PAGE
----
Why Do We Go to School? A Christian Philosophy of Education

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The first semester of 2019 is underway for students and teachers. As we plunge into this long stretch of academics, it may be helpful for us to remember why we learn and teach.  Drudging through late night studying as students or working through grading papers as teachers can be daunting. Why, then, do we pursue education?

To answer this question, we must ask a bigger, underlying question: what is our purpose in life — making money, serving God, knowledge or something else? In other words, if we want to know why we fight though late night studying, we must ultimately gain inspiration from a greater view of our life’s purpose.

As Christians, the Bible already gives us clear ideas from about the purpose of life, and these truths can inform our understanding about why we are consuming copious amounts of caffeine to stay up just a bit later to learn more about theology, physics, biology and God’s creation order.

We should seek to serve God with our entire being (including our minds).

We pursue education because human nature needs the True.

Both the ancient philosophers and God’s inspired Word comment on our purpose and the need humans have for truth in every subject area. For example, in his Metaphysics, Aristotle said, “All men, by nature, desire to know.” This profound statement is noteworthy because of its apparent simple truthfulness and universal appeal, rooted in the nature of humanity.  Similarly the Bible – the Christian’s primary source of knowledge – echoes this sentiment by suggesting that we all have within us the desire for truth. Even though the Bible also teaches that man is fallen (Romans 1), the preacher in Ecclesiastes says that God set eternity in the heart of humanity (Ecclesiastes 3:11). Biblically, as beings that bear God’s image, we wonder at the nature of reality in a manner that craves for truth. God created us in His image (Genesis 1:27), and he specifically created us for knowledge rather than ignorance (Jeremiah 9:24).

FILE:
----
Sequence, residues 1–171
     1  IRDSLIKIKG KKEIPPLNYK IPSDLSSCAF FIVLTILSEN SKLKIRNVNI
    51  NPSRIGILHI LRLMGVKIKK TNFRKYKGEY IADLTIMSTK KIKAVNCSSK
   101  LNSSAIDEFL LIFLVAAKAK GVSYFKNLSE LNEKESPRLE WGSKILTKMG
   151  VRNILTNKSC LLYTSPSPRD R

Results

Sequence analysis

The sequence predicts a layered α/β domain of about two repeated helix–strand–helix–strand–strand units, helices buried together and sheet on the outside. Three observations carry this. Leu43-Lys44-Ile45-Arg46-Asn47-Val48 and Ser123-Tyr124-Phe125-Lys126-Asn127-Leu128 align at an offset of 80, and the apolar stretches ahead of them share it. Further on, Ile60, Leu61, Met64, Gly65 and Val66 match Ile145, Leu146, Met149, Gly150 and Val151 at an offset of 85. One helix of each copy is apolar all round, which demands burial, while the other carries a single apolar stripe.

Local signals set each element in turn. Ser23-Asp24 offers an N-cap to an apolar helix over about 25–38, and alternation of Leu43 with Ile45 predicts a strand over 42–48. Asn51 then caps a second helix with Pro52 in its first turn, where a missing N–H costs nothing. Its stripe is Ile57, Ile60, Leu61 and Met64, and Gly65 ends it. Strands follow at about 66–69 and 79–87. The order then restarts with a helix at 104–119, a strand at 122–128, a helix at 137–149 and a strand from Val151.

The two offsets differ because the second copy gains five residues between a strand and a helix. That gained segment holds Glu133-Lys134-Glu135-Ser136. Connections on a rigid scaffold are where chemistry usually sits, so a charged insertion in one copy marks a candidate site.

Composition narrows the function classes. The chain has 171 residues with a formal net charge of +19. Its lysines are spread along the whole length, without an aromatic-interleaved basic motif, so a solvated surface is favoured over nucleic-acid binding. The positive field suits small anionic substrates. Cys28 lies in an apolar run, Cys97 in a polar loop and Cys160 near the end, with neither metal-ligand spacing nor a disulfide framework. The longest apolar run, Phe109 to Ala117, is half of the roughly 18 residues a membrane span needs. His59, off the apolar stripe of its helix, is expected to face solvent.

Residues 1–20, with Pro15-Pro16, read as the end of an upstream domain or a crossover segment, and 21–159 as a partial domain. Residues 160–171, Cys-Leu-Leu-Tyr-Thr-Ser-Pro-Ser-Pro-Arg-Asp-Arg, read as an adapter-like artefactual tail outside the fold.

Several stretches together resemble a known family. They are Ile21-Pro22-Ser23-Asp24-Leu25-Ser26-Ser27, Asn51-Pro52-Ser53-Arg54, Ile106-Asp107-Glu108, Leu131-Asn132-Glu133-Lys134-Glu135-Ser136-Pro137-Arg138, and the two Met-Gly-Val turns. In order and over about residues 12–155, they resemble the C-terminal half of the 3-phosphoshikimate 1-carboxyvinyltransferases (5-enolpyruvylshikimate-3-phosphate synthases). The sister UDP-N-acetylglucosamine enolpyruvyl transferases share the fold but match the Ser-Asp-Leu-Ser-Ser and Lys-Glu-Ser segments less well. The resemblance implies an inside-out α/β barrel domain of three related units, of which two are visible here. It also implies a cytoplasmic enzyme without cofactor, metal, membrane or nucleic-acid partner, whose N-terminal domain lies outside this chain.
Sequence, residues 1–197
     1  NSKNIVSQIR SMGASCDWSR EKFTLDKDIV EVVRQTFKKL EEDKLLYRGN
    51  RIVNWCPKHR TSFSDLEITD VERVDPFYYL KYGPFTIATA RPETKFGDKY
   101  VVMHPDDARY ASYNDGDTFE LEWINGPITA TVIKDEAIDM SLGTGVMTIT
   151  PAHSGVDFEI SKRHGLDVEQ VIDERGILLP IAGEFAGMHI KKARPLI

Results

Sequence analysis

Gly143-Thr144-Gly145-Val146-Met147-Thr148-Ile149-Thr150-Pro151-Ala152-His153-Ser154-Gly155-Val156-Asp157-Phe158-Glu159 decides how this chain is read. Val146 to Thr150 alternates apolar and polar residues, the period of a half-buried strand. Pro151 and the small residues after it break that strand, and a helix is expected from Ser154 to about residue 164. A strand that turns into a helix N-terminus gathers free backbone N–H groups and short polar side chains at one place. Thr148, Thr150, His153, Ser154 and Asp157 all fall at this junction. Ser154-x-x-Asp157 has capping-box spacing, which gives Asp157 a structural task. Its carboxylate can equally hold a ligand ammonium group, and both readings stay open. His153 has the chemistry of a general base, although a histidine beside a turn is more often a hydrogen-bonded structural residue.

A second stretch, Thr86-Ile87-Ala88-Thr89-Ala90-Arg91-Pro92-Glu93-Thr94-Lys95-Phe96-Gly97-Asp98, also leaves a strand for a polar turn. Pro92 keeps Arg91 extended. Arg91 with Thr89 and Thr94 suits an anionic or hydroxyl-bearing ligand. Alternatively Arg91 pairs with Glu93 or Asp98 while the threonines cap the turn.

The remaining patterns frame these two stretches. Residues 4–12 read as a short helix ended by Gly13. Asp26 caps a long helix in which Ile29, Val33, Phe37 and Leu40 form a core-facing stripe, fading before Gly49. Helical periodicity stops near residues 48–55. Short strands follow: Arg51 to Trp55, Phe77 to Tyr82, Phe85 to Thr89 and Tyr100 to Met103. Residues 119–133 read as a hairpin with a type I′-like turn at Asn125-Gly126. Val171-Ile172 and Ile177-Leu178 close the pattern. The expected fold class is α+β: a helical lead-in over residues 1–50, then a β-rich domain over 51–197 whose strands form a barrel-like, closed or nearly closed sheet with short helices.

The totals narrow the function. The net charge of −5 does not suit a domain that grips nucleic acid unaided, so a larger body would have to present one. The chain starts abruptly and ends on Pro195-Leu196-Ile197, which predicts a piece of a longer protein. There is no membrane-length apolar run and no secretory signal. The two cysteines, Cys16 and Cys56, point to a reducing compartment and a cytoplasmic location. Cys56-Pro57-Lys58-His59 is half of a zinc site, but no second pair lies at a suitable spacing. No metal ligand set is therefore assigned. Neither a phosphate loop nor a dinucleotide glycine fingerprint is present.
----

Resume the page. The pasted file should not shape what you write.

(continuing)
So, for starters, in those moments when we slog through heaps of reading and writing assignments, we can remember that God created us for truth rather than ignorance. The amazing opportunity to harness a college- or graduate-level education can fan the flame to know what is real. None of us are perfect learners, and so none of us exercise our desire to know to the fullest extent (Romans 1:18-25). We do not always pursue truth in a way that would satisfy the biblical command to love God with the fullest extent of one’s person, including our minds (Matthew 22:36-40). But God still wants us to use our mind in a way that honors Him and leads us to understand more about Him and the good world He created, and this can have a positive effect on us and the world outside the Church that is desperate for truth.

Second, then, because God made us in His image, we have an answer for why truth matters at all. We can communicate a worldview of purpose and knowledge as Christians, which is something the skeptical world at our doorstep seems so desperate for.   Indeed, along with goodness and beauty, this transcendent quality of truth is something that philosopher Peter Kreeft says “we all need, and need absolutely, and know we need, and know we need absolutely.”[1] This is so because Truth, Goodness, and Beauty “are three attributes of God, and therefore of all God’s creation…We respond to truth, goodness, and beauty. We are this because we are images of God.”[2] As a result, Christians can communicate truth that is in line with the intentions of the Creator in every area of life and every subject in school.